Myth #1: Going on juice diets or doing liquid cleanses
Do they help? Yes. Raw fruit and vegetable juices are able to deliver a concentrated but easy-to-digest dose of food-based nutrients to your body which helps to trigger detoxification. And restricting your diet to only liquids means that your liver isn’t distracted by having to break down fats so it can fully focus on detoxing.
But they can cause harm too, especially in the long run. The juices are rich in nutrients, but they’re also full of sugar and fructose, as well as lacking in the fiber that naturally slows their sugar absorption and absorbs toxins. This can cause negative effects on your blood sugar levels and induce some unpleasant detox symptoms.
Even taking fibre supplements or eating the pulp as some of these cleanses recommend doesn’t make up for the amount of sugar (especially in the form of fructose) you’re ingesting by drinking juice daily, which is unhealthy for your liver.
Myth #2: You can prevent liver damage by immediately cleansing whenever you overindulge
Nope, not really. There is no scientific evidence that proves you can undo the effects of a night of too much eating and/or drinking has on your liver, even if you cleanse immediately after.
When it comes to liver health, the key is in moderation. You don’t have to completely cut out alcohol or your favourite guilty pleasure food, just make sure you’re not consuming them in excess.
Myth #3: Eat lots of broccoli - it’s a detox superfood!
Sorry, but no it’s not. It does help the liver in some ways, but it’s not the super detox food that it’s made out to be. As with other types of similar vegetables like sprouts and cabbage, broccoli actually contains cyanide.
When absorbed in small doses, that little bit of poison primes the enzymes in your liver to deal better with any other poisons you may consume. So you shouldn’t be eating too much of it, to avoid overloading your system.
Myth #4: We're all exposed to toxins on a daily basis so everyone should be doing detoxes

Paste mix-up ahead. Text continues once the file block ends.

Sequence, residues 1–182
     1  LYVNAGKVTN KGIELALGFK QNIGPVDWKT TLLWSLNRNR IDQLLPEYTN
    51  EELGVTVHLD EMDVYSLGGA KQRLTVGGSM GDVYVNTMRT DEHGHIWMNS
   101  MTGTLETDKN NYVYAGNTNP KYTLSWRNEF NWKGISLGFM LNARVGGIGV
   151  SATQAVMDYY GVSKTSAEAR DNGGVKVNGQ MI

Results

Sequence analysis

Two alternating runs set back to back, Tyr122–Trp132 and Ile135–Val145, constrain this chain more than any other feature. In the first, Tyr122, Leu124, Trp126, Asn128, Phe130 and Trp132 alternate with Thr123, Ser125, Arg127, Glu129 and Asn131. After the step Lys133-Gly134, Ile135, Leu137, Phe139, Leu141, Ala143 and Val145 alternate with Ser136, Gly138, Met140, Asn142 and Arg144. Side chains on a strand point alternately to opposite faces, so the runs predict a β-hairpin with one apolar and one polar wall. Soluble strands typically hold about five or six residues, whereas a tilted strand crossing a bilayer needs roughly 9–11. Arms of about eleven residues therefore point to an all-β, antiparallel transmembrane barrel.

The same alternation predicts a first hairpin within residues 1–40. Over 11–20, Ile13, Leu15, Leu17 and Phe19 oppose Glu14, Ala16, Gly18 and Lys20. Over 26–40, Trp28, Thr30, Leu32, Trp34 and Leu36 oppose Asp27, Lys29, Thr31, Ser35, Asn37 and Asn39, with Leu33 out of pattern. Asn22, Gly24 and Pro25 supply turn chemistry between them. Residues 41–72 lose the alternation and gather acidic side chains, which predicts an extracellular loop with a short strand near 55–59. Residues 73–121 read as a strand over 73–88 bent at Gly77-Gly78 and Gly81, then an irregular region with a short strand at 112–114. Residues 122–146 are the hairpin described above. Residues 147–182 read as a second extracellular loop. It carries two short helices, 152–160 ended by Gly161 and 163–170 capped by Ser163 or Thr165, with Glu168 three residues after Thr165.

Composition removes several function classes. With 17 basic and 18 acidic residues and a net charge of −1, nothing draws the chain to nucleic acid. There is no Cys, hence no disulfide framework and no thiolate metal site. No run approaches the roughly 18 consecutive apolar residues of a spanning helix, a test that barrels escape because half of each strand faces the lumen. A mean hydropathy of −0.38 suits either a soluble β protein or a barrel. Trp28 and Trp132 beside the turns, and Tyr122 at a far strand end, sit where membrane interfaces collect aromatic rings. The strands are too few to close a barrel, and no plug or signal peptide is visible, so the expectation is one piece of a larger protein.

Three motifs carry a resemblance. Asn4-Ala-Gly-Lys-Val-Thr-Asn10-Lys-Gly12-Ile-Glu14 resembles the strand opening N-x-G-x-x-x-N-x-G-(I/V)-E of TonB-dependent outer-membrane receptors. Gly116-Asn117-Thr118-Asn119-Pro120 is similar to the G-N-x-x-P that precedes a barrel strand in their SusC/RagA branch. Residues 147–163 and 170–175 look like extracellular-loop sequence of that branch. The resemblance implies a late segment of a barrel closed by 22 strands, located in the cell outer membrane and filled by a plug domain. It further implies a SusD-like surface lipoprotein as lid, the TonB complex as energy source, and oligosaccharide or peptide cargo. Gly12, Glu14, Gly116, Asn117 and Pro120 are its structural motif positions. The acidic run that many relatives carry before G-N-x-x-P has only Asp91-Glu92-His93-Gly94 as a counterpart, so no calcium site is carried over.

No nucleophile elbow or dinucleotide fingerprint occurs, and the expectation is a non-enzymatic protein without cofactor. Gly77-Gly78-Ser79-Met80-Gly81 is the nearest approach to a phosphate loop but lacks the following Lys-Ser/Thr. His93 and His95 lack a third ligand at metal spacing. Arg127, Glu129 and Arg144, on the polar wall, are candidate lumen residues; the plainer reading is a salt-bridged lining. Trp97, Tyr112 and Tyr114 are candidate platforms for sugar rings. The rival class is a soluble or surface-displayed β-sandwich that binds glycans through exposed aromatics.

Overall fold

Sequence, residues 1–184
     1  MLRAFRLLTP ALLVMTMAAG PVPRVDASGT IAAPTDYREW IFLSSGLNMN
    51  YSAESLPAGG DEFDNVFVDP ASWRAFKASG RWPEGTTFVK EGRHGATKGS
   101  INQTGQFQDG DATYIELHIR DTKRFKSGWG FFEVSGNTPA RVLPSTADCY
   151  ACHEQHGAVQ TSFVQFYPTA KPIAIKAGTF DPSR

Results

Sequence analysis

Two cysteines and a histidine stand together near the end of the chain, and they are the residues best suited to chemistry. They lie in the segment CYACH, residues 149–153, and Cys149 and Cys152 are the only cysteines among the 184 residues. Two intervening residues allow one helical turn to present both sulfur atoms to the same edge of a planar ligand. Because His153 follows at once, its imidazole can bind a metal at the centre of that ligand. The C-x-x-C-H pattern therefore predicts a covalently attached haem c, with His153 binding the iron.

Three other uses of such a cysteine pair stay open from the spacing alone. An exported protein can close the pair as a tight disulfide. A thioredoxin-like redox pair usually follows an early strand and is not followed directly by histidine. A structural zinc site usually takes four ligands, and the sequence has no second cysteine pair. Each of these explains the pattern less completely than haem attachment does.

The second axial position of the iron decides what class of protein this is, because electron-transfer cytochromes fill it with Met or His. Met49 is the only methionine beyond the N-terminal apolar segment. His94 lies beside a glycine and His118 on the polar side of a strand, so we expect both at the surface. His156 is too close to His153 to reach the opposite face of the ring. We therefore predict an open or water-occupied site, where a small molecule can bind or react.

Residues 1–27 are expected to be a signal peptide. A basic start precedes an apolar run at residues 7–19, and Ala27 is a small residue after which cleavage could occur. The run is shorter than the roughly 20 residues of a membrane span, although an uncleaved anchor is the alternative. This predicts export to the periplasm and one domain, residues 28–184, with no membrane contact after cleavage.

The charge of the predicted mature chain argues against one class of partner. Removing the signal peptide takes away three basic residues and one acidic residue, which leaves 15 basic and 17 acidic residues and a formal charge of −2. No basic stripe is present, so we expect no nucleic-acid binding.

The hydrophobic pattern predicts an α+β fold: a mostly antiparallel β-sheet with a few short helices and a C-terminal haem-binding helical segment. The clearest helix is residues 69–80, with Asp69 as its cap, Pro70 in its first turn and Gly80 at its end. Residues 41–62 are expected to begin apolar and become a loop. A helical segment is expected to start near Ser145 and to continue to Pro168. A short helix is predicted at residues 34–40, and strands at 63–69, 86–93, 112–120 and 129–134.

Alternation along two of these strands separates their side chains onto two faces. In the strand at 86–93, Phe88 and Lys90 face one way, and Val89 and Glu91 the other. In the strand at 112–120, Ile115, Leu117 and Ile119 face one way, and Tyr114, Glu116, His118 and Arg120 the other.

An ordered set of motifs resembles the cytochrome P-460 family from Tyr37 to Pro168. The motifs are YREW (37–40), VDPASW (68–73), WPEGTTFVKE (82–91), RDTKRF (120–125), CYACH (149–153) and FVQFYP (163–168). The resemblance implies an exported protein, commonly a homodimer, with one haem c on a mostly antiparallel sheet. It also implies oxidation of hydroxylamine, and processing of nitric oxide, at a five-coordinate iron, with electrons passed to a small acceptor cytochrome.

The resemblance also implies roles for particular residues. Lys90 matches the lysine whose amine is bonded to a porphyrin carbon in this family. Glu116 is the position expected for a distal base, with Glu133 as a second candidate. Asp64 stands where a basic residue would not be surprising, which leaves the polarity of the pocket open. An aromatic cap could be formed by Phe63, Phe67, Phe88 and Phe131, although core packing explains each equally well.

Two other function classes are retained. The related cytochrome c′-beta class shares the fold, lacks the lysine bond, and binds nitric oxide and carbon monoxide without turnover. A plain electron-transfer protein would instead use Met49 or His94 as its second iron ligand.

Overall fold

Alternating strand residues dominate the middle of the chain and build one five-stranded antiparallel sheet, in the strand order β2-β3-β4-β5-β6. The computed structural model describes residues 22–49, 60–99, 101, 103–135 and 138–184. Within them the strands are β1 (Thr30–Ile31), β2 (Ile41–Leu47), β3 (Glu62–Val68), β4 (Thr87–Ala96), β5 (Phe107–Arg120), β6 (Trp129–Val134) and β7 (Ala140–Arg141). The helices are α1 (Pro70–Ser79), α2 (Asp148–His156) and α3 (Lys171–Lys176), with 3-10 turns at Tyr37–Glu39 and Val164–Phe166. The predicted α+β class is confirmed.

There are actually certain types of people who should never do detoxes without first consulting a medical professional, especially ones that involve dieting, restricting calorie intake, and fasting.
Some such methods are used to supposedly stimulate the liver to get rid of toxins but can be incredibly dangerous as they can lead to malnutrition and other severe health complications.
They should not be attempted by the following people:
- Children and adolescents
- Elderly people
- Those who suffer from malnutrition
- Women who are pregnant or lactating
- People who have medical issues such as diabetes or an eating disorder
Myth #5: Liver cleanses can help to treat existing liver damage
We'd all like to think this is true but unfortunately there is little to no scientific proof that liver cleanses can treat existing liver damage or improve your condition.
But the good news is that the liver has impressive healing abilities of its own, especially when combined with the proper medical treatment. So if you've been diagnosed with liver damage, please do seek the appropriate treatment ASAP.
Here are some simple treatments for common liver diseases:
- Hepatitis A and B: Vaccinations or oral medication
- Hepatitis C: Oral medication
- Alcoholic liver disease: Stop all alcohol consumption to let the liver recover
- Non-alcoholic fatty liver disease: It is recommended to lose weight in order to to decrease the amount of fat in the liver and the subsequent inflammation the fat causes
Myth #6: You can lose weight by cleansing your liver
Once again, there is no scientific evidence to support this. While it's true that some people have lost weight after going on a liver cleanse, this weight loss is usually just a temporary loss of fluids due to the change in eating habits. Once they go back to their typical eating habits, they tend to very quickly put on weight again.
Plus, some types of liver cleanses can have the opposite effect of lowering your body's metabolic rate, which would result in it being more difficult for you to lose weight over time.
The best way to help your liver is to live a healthy lifestyle. This includes eating a balanced diet, limiting your alcohol intake, and exercising regularly. You can also take supplements to give your liver a boost.
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